I have been back at the OJC for two weeks and cannot count the number of times I have been lovingly asked, “So how was your sabbatical?!” I found myself answering the question with some version of: it was meaningful and valuable and I will tell you all about it soon.
Putting off the description for the future started feeling more and more troublesome until this past Friday. I experienced one of those sacred rabbinical days that make me feel grateful for my profession and also put into perspective the gift of the past three months.
I will start with a narrative of Friday and work backwards to the delayed description of my sabbatical. Early in the morning on Friday, Rabbi Scheff and I met our colleague Rabbi Mark Cooper and a wonderful young man with his family at the Temple Israel Center mikvah in White Plains. Jason* studied for two years in preparation for conversion and then found the conclusion of his journey delayed by Covid. He spoke with intelligence and thoughtfulness about becoming the Jew whom he has always felt himself to be. The privilege of sitting on his Beit Din (rabbinic tribunal) and granting a Hebrew name to a person of deep integrity lifted my soul.
Back in Rockland County, I visited the hospital room of Janice*, a congregant who had survived a life-threatening illness. When I walked into her hospital room, she wept tears that had been stored up for the past three weeks. She was surprised to find herself weeping, but I understood. I represented her community, her Jewish faith, and perhaps even God. We sat together, speaking quietly. Her heartfelt response to being granted a second chance opened my soul.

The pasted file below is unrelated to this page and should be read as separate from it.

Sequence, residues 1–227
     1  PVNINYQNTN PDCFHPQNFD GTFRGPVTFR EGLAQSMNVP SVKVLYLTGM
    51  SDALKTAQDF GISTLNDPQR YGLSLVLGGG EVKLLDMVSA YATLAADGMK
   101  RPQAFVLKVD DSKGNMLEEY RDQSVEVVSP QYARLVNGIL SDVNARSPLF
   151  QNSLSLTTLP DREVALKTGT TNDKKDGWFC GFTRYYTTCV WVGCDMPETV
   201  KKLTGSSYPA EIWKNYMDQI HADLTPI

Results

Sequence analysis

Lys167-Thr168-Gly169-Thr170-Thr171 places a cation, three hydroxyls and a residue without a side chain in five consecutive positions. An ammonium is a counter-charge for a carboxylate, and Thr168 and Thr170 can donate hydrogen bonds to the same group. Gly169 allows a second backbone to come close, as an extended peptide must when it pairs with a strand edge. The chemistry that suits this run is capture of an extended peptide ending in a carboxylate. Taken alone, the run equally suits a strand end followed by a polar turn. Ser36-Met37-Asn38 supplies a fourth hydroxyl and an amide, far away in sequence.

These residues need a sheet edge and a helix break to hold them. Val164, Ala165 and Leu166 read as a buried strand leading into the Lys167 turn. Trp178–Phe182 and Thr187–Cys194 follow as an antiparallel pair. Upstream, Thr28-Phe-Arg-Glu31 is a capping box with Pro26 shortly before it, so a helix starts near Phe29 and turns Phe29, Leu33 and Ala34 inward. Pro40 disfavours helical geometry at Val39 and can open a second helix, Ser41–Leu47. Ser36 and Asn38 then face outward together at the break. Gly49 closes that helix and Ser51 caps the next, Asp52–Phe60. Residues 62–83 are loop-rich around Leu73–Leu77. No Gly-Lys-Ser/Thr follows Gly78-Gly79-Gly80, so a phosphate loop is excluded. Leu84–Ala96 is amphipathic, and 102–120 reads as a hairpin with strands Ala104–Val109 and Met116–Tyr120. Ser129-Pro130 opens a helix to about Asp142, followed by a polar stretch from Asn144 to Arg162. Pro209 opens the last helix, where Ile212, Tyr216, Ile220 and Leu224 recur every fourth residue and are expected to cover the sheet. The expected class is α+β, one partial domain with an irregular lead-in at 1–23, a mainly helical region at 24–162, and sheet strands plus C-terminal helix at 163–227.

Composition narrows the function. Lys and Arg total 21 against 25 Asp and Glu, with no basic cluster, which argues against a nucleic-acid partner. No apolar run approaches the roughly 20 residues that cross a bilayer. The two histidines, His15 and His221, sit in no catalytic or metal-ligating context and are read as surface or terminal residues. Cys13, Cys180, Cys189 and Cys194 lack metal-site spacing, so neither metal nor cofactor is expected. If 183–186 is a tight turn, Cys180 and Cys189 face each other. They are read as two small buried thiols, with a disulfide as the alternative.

I drove to the home of Susan*, a congregant who has been isolated for the past two years due to Covid precautions. As we sat and talked about matters serious and not, I felt the importance of connection face-to-face. Her friendship and her optimism despite difficulty filled my soul.
Just before Shabbat, I welcomed into my office Harry*, a man who has been investigating Judaism. He described the study, prayer and experiences he has been seeking. Perhaps wanting to show how much he had learned so far, he offered to chant Shema for me. When I heard his beautiful voice, I closed my eyes and felt tears well. My soul was connected through his words of prayer to God.
As I led the Ma’ariv prayers for our in-person and virtual minyan, I reflected on the very full soul with which I was entering Shabbat. Throughout the day, my soul had been lifted, opened, filled and connected. Such intense interactions with people is a privilege and a gift. I am granted a window into their souls. Their thoughts, hopes and prayers pour in to me; and at the same time, my energy must pour out to them.
As I began to pray the Amida, I suddenly understood how to answer the question, “So how was your sabbatical?” My sabbatical lifted, opened, filled and connected my soul for three months without requiring me to give back anything. I was filled to the top so that I have plenty to give back now.
I studied virtually and privately. I traveled, hiked and practiced yoga. I did a great deal of writing, reading, and spending time with family, most preciously my grandboys. I was filled up.